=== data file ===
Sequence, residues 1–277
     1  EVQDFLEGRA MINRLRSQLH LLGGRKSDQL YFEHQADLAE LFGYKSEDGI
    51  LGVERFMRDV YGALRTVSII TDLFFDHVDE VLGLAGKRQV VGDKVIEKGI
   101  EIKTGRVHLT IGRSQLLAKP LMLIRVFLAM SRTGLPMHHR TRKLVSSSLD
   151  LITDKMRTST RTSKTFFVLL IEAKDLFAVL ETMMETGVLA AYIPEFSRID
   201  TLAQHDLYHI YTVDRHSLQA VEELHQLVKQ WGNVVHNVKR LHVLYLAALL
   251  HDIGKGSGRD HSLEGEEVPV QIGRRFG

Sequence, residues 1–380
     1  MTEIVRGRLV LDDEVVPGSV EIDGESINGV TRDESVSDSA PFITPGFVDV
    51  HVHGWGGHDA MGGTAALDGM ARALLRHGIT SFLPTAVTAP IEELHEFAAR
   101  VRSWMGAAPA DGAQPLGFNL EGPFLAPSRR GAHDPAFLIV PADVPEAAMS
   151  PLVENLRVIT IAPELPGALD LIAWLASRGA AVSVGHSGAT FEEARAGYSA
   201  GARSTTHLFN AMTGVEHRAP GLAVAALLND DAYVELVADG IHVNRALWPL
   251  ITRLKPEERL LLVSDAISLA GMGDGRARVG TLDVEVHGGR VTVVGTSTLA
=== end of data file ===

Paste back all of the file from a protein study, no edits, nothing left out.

Sequence, residues 1–277
     1  EVQDFLEGRA MINRLRSQLH LLGGRKSDQL YFEHQADLAE LFGYKSEDGI
    51  LGVERFMRDV YGALRTVSII TDLFFDHVDE VLGLAGKRQV VGDKVIEKGI
   101  EIKTGRVHLT IGRSQLLAKP LMLIRVFLAM SRTGLPMHHR TRKLVSSSLD
   151  LITDKMRTST RTSKTFFVLL IEAKDLFAVL ETMMETGVLA AYIPEFSRID
   201  TLAQHDLYHI YTVDRHSLQA VEELHQLVKQ WGNVVHNVKR LHVLYLAALL
   251  HDIGKGSGRD HSLEGEEVPV QIGRRFG

Sequence, residues 1–380
     1  MTEIVRGRLV LDDEVVPGSV EIDGESINGV TRDESVSDSA PFITPGFVDV
    51  HVHGWGGHDA MGGTAALDGM ARALLRHGIT SFLPTAVTAP IEELHEFAAR
   101  VRSWMGAAPA DGAQPLGFNL EGPFLAPSRR GAHDPAFLIV PADVPEAAMS
   151  PLVENLRVIT IAPELPGALD LIAWLASRGA AVSVGHSGAT FEEARAGYSA
   201  GARSTTHLFN AMTGVEHRAP GLAVAALLND DAYVELVADG IHVNRALWPL
   251  ITRLKPEERL LLVSDAISLA GMGDGRARVG TLDVEVHGGR VTVVGTSTLA